In a recent poll of 1,000 car owners by specialist electric and hybrid car website Total EV, 51 per cent of motorists said they expected to buy an electric car within five years.
It also revealed that these changing attitudes are being largely driven by men – with 60 per cent of males asked saying they expected to drive an EV within five years, as opposed to 42 per cent of women who were polled.
Rising fuel costs were cited by 45 per cent of motorists as a reason for their willingness to change to an EV., while 35 per cent claimed environmental concern.
However, motorists polled also had plenty to say about the potential barriers to EV ownership – 27 per cent mentioned the cost of buying an electric vehicle, 22 per cent were worried about the lack of charging points and infrastructure, and 20 per cent saw a potential problem with a lack of electric range.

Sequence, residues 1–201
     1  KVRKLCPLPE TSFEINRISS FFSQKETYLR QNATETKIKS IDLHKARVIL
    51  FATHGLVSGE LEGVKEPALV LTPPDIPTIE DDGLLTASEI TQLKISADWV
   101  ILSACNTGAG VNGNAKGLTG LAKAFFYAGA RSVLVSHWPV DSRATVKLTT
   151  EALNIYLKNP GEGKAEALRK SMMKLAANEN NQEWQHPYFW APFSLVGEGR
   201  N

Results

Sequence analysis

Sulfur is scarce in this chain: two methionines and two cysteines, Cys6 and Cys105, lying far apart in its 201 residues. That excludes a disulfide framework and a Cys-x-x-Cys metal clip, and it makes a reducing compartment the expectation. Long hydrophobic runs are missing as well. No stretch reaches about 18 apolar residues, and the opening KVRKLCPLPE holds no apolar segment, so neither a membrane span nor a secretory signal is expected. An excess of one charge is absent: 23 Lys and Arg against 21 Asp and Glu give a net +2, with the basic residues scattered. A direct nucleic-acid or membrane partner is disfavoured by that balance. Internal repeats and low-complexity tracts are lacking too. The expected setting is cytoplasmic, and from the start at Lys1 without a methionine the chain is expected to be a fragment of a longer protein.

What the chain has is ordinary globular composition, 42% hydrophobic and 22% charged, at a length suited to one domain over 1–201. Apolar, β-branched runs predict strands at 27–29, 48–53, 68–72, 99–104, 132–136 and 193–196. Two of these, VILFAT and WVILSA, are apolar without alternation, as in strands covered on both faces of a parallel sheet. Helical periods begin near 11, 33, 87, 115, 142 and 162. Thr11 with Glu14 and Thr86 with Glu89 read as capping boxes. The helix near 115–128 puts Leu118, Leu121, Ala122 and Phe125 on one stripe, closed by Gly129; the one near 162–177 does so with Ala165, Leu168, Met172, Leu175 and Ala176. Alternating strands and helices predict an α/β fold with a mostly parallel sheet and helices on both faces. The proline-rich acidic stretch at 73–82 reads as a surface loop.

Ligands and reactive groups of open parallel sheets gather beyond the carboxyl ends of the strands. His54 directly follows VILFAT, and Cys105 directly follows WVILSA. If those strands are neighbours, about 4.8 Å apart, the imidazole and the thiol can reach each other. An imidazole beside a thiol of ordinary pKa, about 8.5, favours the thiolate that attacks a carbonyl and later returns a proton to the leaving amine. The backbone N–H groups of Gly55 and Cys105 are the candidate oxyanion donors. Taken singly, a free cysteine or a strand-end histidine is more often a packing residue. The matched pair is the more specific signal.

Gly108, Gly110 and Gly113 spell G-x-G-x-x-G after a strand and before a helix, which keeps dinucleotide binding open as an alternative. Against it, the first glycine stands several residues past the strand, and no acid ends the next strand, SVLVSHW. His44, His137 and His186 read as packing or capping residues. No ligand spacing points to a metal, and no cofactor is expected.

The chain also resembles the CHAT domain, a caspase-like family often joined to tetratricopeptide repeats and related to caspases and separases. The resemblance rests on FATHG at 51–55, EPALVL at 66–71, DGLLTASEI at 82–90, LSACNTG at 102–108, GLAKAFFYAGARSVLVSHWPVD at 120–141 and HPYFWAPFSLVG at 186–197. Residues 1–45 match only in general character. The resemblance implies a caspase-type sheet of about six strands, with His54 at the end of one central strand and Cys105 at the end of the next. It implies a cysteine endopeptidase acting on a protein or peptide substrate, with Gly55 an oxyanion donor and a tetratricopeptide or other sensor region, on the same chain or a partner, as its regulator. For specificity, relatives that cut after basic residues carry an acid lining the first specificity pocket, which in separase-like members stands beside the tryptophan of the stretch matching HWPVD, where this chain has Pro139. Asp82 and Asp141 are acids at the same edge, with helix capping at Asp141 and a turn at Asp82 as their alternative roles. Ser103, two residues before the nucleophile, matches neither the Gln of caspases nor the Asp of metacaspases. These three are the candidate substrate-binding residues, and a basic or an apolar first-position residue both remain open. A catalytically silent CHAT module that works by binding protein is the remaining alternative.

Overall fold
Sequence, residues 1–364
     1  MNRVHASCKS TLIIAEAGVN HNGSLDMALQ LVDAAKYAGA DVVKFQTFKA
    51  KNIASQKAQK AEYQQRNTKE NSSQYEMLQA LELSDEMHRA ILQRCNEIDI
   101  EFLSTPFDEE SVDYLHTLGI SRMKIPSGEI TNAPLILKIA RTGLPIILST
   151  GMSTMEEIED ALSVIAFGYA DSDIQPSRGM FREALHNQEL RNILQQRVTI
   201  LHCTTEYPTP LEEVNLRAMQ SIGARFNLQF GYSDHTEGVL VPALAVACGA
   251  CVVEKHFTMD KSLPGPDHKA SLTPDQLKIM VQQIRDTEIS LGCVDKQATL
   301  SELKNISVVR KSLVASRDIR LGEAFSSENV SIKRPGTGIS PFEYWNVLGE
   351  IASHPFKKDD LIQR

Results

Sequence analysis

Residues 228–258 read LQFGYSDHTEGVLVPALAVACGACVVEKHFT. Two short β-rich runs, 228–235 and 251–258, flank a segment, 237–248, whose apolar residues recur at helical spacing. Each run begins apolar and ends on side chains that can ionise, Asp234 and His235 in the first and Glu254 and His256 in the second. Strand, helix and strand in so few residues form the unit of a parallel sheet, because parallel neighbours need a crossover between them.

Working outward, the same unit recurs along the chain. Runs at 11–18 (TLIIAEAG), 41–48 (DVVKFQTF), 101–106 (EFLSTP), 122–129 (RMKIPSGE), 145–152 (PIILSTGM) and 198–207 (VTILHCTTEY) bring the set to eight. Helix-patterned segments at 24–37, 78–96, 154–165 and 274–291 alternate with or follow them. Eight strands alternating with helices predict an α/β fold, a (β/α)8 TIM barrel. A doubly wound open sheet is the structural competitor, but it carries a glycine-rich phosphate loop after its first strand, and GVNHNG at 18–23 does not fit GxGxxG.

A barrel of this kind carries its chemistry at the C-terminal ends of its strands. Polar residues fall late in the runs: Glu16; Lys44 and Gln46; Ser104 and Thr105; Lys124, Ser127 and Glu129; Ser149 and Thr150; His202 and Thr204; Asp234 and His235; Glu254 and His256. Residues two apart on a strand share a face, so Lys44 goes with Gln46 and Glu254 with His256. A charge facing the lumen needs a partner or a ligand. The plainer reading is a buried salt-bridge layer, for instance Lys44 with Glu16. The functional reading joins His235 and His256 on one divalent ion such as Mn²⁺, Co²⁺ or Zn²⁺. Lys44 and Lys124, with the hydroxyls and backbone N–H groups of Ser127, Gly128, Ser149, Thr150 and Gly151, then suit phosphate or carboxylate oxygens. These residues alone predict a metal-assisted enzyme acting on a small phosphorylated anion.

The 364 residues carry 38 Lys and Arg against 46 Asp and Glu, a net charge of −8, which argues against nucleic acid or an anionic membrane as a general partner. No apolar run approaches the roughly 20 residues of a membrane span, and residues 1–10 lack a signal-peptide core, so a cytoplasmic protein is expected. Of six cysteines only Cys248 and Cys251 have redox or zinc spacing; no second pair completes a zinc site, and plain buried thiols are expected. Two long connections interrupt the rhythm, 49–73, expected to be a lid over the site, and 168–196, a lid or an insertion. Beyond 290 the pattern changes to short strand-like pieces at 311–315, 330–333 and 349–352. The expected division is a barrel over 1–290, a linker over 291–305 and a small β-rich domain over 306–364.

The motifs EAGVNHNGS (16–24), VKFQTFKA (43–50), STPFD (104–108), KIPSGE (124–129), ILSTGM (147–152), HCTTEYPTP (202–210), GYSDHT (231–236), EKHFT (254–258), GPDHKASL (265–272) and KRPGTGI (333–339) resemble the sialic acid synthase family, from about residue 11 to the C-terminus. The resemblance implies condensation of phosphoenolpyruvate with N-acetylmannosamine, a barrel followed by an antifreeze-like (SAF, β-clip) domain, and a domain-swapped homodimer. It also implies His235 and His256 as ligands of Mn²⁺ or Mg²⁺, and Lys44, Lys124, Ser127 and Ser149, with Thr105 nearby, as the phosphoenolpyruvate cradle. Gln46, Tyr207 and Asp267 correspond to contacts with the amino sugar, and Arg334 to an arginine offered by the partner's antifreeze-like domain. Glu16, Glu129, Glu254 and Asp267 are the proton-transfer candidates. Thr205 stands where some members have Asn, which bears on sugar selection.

Founder of Total EV Daniel Green said: “The world is moving away from petrol and diesel to electric. The public wants it, the Government wants it, and the environment needs it. But where are the manufacturers and how and when should drivers get involved?
“This survey confirms what we already suspected – that Britain has woken up to the benefits of electric driving. The industry needs to wake up fast.”
Currently, there are around 110,000 plug-in cars registered around the country – so far in 2017, they make up 1.6 per cent of new car sales. However, Total EVs survey suggests this could dramatically increase over the next few years.
James Baggott, editor of Total EV, added: “There are huge benefits to owning an EV and with every new model that appears on our roads the interests grows.
“With so many manufacturers launching electric models things are becoming more competitive and prices are falling.”
Tamzen Isacsson, SMMT director of communications and international, said: “While demand for alternatively fuelled vehicles has grown rapidly in recent years, they still only represent around five per cent of the new car market.
“Long-term government support and continuing incentives – as well as investment in charging infrastructure – will be essential if ultra-low and zero-emission vehicles are to command a larger marker share in the future.”